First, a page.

Drumelis House, Cavan t: +353 (0)49 4331541 e: email@example.com Founded in 1894, Cavan is one of the oldest clubs in Ireland. The 18-hole, par 70 layout measures 5634 metres. A feature of the parkland course is the number of mature trees, some over 100 years old. The closing 6 holes are a challenge for all golfers. Facilities include a bar, restaurant, PGA professional and driving range. Cavan County Golf club is situated 2 miles from Cavan Town on the R198 to Killeshandra.
Farnham Estate Golf Club
Farnham Estate, Cavan t: +353 ( )049 4377700 e:firstname.lastname@example.org www.farnhamestate.com July 17th 2008, 9 holes of a Jeff Howes designed golf course will open for play at Farnham Estate. This stunning parkland course is spread over 500 acres of rolling countryside and dense woodland and measures over 7,000 yards in length. The two nines are contrasting in nature. The gentle but challenging journey on the front nine explores the undulating meadows of this magnificent estate while the back nine is a more vigorous test of golf, traveling through denser more rugged woodland. This a long track by any standards and to ensure optimum enjoyment and year-long play, there are tarmac buggy paths throughout. More details on greenfees and residential golf packages are available on request.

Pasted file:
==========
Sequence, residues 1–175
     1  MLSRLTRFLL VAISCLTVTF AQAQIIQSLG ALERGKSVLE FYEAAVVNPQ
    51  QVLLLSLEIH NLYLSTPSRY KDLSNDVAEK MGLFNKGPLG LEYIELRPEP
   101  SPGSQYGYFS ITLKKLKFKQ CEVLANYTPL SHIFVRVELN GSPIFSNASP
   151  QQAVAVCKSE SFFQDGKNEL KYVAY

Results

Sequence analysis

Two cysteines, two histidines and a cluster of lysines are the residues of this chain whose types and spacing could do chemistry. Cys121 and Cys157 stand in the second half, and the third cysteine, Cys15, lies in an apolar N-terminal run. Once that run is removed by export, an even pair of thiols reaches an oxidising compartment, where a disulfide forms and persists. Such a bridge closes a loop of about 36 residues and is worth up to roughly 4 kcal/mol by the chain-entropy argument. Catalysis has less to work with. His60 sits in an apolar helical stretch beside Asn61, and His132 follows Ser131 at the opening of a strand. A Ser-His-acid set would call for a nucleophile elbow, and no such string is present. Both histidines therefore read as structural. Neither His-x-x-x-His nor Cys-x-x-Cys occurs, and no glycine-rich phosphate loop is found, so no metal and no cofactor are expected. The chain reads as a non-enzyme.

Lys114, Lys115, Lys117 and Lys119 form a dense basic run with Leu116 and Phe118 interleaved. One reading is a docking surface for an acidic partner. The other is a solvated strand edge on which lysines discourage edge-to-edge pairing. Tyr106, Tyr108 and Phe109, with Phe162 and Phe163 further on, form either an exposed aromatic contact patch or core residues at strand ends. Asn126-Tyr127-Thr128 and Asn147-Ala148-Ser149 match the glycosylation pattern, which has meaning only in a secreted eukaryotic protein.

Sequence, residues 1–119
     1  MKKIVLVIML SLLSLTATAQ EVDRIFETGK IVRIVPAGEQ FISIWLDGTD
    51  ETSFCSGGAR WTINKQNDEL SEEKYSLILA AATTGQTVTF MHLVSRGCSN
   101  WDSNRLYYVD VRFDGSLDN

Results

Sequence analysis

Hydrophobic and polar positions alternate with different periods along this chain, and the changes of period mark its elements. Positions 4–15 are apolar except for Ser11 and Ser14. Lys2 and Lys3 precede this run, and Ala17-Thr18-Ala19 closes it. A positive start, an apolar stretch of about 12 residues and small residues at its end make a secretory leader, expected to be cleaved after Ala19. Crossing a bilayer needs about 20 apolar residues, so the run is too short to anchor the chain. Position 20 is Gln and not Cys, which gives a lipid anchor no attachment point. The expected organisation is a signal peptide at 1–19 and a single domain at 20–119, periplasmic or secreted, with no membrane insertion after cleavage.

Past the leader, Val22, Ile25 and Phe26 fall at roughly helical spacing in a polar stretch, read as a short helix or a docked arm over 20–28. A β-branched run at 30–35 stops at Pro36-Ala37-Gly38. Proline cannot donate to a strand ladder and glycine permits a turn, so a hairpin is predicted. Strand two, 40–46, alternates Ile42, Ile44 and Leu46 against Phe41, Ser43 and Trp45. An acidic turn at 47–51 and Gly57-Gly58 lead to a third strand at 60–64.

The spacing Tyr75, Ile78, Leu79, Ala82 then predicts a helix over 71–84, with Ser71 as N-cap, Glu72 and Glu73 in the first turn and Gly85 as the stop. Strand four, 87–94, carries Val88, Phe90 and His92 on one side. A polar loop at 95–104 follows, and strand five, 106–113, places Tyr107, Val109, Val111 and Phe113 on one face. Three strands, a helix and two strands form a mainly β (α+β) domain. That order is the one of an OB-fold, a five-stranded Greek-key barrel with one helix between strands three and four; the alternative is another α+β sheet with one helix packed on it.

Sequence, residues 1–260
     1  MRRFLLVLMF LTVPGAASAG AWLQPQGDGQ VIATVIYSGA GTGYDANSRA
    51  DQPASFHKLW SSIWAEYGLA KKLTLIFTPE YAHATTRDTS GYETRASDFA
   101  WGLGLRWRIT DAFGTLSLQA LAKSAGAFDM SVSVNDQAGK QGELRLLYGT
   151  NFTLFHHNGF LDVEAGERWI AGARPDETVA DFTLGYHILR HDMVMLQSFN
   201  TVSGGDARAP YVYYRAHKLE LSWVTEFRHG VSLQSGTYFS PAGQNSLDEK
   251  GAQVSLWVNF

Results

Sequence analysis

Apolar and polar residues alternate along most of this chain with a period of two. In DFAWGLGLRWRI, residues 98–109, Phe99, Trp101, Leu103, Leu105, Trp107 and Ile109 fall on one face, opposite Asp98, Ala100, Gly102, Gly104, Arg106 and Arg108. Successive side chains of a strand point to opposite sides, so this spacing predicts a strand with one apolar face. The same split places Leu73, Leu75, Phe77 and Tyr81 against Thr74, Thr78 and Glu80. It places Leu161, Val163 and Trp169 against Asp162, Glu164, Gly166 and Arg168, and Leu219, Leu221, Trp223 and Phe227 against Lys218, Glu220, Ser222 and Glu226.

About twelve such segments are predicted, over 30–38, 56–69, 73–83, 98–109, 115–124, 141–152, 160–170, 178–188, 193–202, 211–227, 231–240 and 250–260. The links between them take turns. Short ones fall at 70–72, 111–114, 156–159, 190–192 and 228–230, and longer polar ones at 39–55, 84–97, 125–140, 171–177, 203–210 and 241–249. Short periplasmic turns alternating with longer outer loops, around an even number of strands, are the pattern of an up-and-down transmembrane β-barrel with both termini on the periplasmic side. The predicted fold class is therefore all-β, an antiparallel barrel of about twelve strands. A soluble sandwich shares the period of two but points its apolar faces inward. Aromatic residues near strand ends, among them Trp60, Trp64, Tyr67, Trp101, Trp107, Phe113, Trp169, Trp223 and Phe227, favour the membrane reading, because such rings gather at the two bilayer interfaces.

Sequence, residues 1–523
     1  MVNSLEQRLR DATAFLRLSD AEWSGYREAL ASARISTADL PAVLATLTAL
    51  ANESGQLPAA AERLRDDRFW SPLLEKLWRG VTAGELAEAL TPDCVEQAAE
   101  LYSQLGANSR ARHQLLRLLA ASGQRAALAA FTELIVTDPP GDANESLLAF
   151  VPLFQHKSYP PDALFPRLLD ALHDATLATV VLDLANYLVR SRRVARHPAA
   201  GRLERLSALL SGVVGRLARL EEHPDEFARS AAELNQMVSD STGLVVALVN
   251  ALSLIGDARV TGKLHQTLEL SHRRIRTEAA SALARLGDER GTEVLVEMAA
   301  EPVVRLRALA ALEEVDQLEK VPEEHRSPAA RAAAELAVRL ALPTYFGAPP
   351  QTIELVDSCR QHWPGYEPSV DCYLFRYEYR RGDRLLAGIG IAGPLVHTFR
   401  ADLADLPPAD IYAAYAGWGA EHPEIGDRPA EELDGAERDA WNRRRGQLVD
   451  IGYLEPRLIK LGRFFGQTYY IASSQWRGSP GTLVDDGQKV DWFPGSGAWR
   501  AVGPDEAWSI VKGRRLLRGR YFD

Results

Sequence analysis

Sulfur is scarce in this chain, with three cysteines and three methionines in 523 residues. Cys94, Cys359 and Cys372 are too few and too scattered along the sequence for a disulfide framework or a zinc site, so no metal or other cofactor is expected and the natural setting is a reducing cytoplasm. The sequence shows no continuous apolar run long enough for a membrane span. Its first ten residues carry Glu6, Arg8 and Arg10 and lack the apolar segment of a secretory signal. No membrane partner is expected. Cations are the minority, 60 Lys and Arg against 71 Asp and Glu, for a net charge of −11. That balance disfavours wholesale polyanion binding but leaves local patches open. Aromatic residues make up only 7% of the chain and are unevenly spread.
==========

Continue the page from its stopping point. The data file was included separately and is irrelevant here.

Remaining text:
Angling Guide – Cavan, Butlersbridge, Belturbet, Redhills, Ballyconnell, Killeshandra (click here for map)
1. Woodford River – slow moving for bream, roach, perch and pike.
2. River Erne (Clooninny and Foley’s Bridge) – a popular stretch for competitions and holds bream, roach, perch and pike.
3. Edenterriff Lake and Killylea Lake – limited swims for roach and bream.
4. Woodford River – the narrow river above Ballyconnell has a big stock of roach, perch, some bream and pike.
5. Tomkinroad Lake – easy access for bream and roach. It also holds perch and pike.
6. Killywilly Lake (Cranaghan) – fishing from stands for bream, roach, perch and pike.
7. Aghavoher Lake – a small lake with roach bream, perch and pike.
8. Carn Lake – this small lake has some tench to 4lbs., also roach and perch.
9. Greenville Lake – fishing from stands for bream, roach, perch and some tench.
10. River Erne, Naghan (Tully’s): Lough Dooley Lane – the river from the town stretch has roach and then some bream opposite the Marina at the bend and downriver. Access over long field at car park (Tully’s). ‘Lough Dooley’ stretch of the river has bream, roach, perch and pike.